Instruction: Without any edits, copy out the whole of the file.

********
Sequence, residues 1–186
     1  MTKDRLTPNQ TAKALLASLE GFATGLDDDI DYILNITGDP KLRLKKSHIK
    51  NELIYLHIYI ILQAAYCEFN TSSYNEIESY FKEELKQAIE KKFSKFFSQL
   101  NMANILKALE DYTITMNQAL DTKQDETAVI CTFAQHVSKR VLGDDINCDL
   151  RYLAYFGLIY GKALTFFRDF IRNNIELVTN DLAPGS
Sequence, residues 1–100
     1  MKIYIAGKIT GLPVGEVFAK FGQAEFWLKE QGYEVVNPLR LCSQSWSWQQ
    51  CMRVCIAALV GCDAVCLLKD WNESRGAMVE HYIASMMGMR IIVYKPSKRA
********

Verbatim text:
Sequence, residues 1–186
     1  MTKDRLTPNQ TAKALLASLE GFATGLDDDI DYILNITGDP KLRLKKSHIK
    51  NELIYLHIYI ILQAAYCEFN TSSYNEIESY FKEELKQAIE KKFSKFFSQL
   101  NMANILKALE DYTITMNQAL DTKQDETAVI CTFAQHVSKR VLGDDINCDL
   151  RYLAYFGLIY GKALTFFRDF IRNNIELVTN DLAPGS
Sequence, residues 1–100
     1  MKIYIAGKIT GLPVGEVFAK FGQAEFWLKE QGYEVVNPLR LCSQSWSWQQ
    51  CMRVCIAALV GCDAVCLLKD WNESRGAMVE HYIASMMGMR IIVYKPSKRA